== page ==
A Comprehensive Guide To Different Types Of Air Valves

Types Of Air Valves

You may not know, but there are over 2 million miles of pipeline in the U.S. These pipes carry water from their source to their destination. In this process and often due to erratic water supply levels, pockets of trapped air can form in these pipelines. This trapped air can affect the life of water pipelines and overall system performance. This is where air valves show up! Air valves help in ejecting trapped air, which ensures the smooth flow of water in the pipelines and smooth functioning of the irrigation system. Therefore, understanding different types of air valves and their function is of great importance so that valves can be located and sized properly for a pipeline. Stick with this new blog in Linquip to find out more.

Types Of Air Valves

Different Types Of Air Valves

  • Air Release Valve
  • Air/ Vacuum Valve
  • Combination Air Valve
  • Butterfly Air Valve
  • Check Valve
  • Double Acting Air Valve
  • Triple Acting Air Valve
  • Vacuum Breaker Air Valve
  • Slow Closing Air Valve

Wide ranges of air valves are available in the market, each of which serves a particular purpose in its system. Here we introduce the most common types of air valves.

  • Air Release Valve

Air Release Valves or small orifice valves are probably the best-known air valve which is used to eliminate small air pockets that form at the high points of a pipeline and restrict flow. Air pockets reduce pipeline capacity and increase the amount of energy required to pump fluids.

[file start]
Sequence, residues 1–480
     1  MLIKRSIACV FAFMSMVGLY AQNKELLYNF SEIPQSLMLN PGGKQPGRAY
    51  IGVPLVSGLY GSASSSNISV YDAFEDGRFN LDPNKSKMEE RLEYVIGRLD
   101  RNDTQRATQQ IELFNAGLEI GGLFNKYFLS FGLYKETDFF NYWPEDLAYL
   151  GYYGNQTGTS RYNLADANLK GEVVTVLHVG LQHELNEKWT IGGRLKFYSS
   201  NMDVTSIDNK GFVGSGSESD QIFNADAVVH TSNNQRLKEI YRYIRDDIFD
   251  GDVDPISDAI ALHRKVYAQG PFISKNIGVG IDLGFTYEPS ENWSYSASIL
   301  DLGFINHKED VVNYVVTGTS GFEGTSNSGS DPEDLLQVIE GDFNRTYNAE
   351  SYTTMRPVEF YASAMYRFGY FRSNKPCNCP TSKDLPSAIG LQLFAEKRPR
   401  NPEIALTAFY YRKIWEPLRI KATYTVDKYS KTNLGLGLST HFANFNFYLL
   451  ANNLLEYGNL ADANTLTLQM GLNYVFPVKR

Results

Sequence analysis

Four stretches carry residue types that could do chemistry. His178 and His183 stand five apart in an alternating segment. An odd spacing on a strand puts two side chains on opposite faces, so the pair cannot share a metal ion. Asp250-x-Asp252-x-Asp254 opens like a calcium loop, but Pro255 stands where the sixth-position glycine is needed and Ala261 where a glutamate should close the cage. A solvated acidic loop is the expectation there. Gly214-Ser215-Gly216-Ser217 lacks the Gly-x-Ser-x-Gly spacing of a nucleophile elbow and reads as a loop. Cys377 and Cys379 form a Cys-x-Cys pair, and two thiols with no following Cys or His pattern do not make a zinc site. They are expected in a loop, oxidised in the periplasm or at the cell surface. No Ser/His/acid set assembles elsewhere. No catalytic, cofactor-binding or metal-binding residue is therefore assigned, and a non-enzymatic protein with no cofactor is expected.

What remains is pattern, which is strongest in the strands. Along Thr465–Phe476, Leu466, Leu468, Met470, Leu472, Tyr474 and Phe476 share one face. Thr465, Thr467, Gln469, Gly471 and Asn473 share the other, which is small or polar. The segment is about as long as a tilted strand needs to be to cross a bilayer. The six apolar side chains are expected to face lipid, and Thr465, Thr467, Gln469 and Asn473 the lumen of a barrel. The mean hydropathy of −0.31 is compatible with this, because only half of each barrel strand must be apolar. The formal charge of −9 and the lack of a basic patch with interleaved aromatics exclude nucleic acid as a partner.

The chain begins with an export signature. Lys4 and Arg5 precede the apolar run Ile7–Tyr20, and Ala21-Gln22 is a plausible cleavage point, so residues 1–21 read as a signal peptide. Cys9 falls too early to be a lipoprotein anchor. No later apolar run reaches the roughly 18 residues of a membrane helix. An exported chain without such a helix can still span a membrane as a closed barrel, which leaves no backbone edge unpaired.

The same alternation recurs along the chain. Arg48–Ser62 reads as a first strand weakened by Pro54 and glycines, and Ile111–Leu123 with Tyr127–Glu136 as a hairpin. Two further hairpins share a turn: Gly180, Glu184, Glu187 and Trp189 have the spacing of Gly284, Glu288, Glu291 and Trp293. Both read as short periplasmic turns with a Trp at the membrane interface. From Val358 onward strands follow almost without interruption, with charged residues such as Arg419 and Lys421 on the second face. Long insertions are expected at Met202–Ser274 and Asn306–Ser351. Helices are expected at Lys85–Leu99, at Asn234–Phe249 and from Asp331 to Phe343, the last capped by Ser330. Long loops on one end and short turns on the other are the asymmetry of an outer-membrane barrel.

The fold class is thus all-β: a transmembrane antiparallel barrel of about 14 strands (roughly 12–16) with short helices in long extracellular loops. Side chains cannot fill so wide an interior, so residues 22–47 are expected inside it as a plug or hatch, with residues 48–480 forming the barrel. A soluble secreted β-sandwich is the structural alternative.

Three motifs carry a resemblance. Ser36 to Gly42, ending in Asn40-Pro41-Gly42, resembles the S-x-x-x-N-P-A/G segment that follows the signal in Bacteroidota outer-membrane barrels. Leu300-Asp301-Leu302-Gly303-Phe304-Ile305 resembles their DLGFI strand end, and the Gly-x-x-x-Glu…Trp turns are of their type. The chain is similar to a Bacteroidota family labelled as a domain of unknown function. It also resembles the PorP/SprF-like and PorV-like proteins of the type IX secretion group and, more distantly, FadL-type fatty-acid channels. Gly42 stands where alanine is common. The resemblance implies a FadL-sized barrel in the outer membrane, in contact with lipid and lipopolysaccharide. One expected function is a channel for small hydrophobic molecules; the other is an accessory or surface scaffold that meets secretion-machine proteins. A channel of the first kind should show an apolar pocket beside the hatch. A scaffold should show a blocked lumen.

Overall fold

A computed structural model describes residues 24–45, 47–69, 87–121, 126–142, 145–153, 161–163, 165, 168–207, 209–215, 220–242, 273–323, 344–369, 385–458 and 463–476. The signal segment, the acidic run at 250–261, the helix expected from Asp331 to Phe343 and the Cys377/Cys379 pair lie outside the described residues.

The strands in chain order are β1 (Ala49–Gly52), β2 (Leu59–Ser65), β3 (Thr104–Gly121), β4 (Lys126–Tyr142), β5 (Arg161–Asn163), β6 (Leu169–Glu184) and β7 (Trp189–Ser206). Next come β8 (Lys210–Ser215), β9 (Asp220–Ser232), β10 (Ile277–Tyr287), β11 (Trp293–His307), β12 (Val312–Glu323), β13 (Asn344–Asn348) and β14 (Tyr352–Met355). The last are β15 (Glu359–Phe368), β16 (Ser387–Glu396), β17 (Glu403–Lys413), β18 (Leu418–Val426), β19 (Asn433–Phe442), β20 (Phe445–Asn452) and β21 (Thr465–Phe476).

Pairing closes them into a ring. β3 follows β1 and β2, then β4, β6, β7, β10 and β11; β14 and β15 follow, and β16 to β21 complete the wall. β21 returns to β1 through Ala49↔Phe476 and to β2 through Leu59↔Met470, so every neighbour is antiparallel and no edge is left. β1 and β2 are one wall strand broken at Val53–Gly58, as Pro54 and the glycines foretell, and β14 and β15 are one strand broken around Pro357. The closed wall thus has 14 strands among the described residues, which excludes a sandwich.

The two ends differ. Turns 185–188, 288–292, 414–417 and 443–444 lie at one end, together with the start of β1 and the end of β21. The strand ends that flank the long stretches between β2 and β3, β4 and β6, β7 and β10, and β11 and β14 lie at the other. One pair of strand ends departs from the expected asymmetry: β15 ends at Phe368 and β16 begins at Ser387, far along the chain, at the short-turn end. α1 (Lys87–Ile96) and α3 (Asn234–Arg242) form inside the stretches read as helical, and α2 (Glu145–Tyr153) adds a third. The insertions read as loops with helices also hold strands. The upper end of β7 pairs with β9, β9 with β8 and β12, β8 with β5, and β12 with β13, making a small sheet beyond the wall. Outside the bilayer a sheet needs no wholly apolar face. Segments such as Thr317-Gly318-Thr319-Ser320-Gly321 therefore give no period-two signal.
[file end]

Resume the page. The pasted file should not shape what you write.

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Air release valves have a small precision orifice that releases air under pressure continuously during pipeline operation.  The Air Release Valve has a float to sense the presence of air and a linkage mechanism that gives the float mechanical advantage in opening the orifice under full pipeline pressures. 

Air Release Valves have a limited capacity for admitting and exhausting air because of their small orifice. For this reason, most pipeline locations require both Air Release and Air/Vacuum valves for exhausting and admitting large volumes of air. 

  • Air/ Vacuum Valve

Air/vacuum valves, also known as large orifice valves, are automatic float operated valves with two overall functions: releasing and taking in air in a pipeline. 

Air/Vacuum Valve is installed downstream of pumps and at high points to exhaust large volumes of air during pump start‐up and pipeline filling. The valve also will admit large volumes of air to prevent a vacuum condition from occurring in the pipeline and to allow for draining. A float in the valve rises with the water level to shut off the valve when the air has been exhausted. Upon the loss of pressure due to draining, line break, or column separation, the float will drop and allow air to reenter the pipe.

These valves are used in pipelines to help avoid collapse or other damage, as well as to maintain proper pressure in the system. Vacuum valves are mostly used for industrial purposes in pumps for plants, factories, and other large facilities.

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Types Of Air Valves

  • Combination Air Valve

The Combination air valve combines the functions of both the air/vacuum and air Release valves and is an excellent choice for high points.  A combination valve contains both a small air release orifice and a large air/vacuum port in one assembly.

Combination air valves can be made in either single or dual body formats. On smaller valves, the float and lever mechanisms are contained in the single body design.  On larger sizes, the dual body design consisting of an air release valve piped to an air/vacuum valve is furnished as a factory assembled unit.

Single body units have the advantage of being more compact and typically less costly. Dual body units are advantageous for air release valve sizing and maintenance because the air/vacuum valve is still in operation while the air release valve is isolated and under repair. By combining various sized air release and air/vacuum valves, a dual body combination valve can be made for almost any application.  

Some designers use only combination air valves on a pipeline because all air valve functions are included and a mistake in field installation will not leave the pipeline unprotected.

Types Of Air Valves